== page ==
An exercise in environmental awareness, building a better Northwest through the Port and resource issues dominate the news for a Monday.
FRONT PAGE, HEADLINE STORY
A SPILL DRILL IN PRINCE RUPERT HARBOUR-- A training exercise and simulation of an upcoming salvage operation will be featured in Prince Rupert harbour at the end of September, as The Western Canada Marine Response Corporation showcases its abilities and readiness to handle any environmental emergencies (Daily News Archives )
The Port of Prince Rupert is being portrayed as a potential catalyst for turning around the economy of the northwest when the recovery from the recession takes hold, a senior representative of the Bank of Canada outlined some of the positive possibilities last week (Daily News Archives)
The Cops for Cancer ride came to its conclusion last week with a wet but welcome arrival ceremony at Mariners Park, participants in this years ride, raised over 160,000 dollars for their cause (Daily News Archives)
Prince Rupert's centennial year breaks out in song as some local musicians and vocalists contribute their talents for a centennial CD set to be produced in October (Daily News Archives)
The Sports section featured a review of the weekend's Flag football action as well as a preview of the upcoming season for the Rupert Rapids swim team.
CBC Northern BC, Daybreak North
A Mighty Wind
The Highs and Lows of Natural Gas
A pair of resource oriented issues highlighted the CBC Radio News cycle on Monday, a look at how the electrification of the Highway 37 corridor could provide for wind power development for the Tahltan (listen to the audio report here), Daybreak North also featured a discussion on what the future of Natural gas in Northern BC may be (listen to the audio report here)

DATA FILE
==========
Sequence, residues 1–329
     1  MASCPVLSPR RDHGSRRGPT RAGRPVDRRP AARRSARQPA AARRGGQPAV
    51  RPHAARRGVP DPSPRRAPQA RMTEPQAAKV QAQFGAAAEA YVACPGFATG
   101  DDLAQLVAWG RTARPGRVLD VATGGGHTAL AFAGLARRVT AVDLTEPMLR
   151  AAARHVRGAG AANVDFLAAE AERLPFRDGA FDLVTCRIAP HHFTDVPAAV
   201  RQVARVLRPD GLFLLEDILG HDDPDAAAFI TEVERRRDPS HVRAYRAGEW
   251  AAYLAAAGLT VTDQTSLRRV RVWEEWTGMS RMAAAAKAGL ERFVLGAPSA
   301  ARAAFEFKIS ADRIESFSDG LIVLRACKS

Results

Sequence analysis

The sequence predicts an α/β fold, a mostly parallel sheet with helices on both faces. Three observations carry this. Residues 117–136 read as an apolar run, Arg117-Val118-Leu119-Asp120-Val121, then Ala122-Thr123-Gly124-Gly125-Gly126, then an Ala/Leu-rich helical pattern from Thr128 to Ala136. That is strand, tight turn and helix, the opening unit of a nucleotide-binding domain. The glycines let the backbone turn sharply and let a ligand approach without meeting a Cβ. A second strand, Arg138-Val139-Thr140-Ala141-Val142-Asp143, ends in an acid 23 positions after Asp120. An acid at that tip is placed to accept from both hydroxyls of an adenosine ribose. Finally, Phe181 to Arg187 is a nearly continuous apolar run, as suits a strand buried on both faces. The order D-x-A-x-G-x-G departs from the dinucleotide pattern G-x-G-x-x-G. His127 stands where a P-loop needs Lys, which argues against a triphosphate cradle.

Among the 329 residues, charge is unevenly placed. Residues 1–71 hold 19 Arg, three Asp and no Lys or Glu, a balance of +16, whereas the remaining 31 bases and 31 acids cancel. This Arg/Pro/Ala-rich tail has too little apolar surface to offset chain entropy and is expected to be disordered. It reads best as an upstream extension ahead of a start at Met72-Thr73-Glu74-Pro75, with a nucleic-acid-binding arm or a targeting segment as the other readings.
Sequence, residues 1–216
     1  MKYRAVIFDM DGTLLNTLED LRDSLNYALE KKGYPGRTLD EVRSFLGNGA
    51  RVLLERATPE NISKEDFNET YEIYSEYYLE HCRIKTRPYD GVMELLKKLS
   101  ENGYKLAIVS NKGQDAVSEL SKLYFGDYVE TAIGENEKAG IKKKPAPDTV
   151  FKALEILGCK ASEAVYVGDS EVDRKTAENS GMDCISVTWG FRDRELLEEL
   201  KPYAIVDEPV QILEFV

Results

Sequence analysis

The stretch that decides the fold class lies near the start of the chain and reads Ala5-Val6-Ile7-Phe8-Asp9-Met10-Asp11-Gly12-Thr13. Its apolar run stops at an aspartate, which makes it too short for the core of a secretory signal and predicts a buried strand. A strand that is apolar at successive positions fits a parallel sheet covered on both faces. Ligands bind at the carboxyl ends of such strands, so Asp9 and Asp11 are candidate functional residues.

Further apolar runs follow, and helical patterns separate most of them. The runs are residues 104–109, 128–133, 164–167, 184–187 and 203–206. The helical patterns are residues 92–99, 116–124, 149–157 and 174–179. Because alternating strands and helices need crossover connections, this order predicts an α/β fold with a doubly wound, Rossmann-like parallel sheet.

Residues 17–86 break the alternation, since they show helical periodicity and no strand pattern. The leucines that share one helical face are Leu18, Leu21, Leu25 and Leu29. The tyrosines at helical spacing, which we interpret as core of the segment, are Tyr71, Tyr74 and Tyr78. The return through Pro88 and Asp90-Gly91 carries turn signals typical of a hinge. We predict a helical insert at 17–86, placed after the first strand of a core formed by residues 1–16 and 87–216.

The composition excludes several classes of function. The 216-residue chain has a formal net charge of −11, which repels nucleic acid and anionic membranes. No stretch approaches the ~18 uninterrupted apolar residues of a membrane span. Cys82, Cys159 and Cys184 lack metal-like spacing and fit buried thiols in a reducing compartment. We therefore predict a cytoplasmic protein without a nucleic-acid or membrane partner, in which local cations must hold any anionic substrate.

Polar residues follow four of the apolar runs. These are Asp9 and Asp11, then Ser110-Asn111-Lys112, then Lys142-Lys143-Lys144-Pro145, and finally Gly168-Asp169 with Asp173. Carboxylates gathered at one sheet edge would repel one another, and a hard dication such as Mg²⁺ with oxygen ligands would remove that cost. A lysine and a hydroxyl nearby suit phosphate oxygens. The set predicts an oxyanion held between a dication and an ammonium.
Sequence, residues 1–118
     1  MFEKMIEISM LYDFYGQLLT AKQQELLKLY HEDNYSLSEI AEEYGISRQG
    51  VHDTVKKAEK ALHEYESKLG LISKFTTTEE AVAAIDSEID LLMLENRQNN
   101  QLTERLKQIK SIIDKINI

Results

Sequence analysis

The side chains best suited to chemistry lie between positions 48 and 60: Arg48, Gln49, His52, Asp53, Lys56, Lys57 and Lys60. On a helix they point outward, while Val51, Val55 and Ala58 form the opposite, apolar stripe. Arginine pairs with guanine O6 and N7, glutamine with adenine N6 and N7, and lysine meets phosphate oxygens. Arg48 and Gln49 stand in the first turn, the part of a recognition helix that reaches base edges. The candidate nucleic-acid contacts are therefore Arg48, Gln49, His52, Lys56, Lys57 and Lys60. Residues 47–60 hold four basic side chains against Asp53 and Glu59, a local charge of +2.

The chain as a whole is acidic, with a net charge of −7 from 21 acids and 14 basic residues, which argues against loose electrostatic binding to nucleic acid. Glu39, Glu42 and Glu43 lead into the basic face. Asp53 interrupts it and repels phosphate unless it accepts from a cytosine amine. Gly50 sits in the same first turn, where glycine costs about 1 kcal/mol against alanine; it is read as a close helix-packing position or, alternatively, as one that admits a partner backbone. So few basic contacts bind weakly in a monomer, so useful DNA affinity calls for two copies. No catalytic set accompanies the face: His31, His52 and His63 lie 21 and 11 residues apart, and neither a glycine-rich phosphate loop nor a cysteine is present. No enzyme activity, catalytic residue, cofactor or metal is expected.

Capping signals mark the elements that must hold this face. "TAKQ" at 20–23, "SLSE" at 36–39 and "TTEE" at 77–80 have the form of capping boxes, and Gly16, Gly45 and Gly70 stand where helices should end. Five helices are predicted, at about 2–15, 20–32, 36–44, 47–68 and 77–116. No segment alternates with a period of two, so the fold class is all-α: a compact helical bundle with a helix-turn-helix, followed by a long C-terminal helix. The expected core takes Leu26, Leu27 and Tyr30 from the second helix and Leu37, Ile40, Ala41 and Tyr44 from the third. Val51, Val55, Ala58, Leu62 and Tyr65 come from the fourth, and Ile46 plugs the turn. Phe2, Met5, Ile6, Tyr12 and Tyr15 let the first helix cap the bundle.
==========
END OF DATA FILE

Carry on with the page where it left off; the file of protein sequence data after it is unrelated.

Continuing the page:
Front page, headline story
A Spill Drill in Prince Rupert Harbour
By Monica Lamb-Yorski
The Prince Rupert Daily News
Monday, September 21, 2009
Prince Rupert Harbour will be the focus of an oil spill drill on September 30 and October 1.
Western Canada Marine Response Corporation/Burrard Clean Operations will coordinate equipment and resources to handle a 10,000 tonne clean up, using both Canadian and American resources.
The exercise, said WCMRC manager Robert Stromdahl, will demonstrate the company's ability to respond to a large oil spill and will simulate an actual salvage operation of the U.S. Army transport vessel, Brigadier General M.G. Zalinkski, scheduled for spring 2010.
The Zalinski was used during both world wars and sank during a storm in 1946 in Grenville Channel in the Inside Passage. The Canadian Coast Guard will lead the salvage operation.
Holding the simulation exercise eight months in advance of the actual salvage will give WCMRC, CCG, community stakeholders and all other Canadian Government agencies a chance to evaluate and, if necessary, enhance their contingency plan.
"We will be the response organization on standby when they do the salvage should there be an oil release," said Stromdahl of the Zalinski salvage. Along with a cargo of munitions, army trucks and lumber that sunk with the ship, it is estimated 700 to 800 tonnes of Bunker C (fuel oil) is still inside the vessel.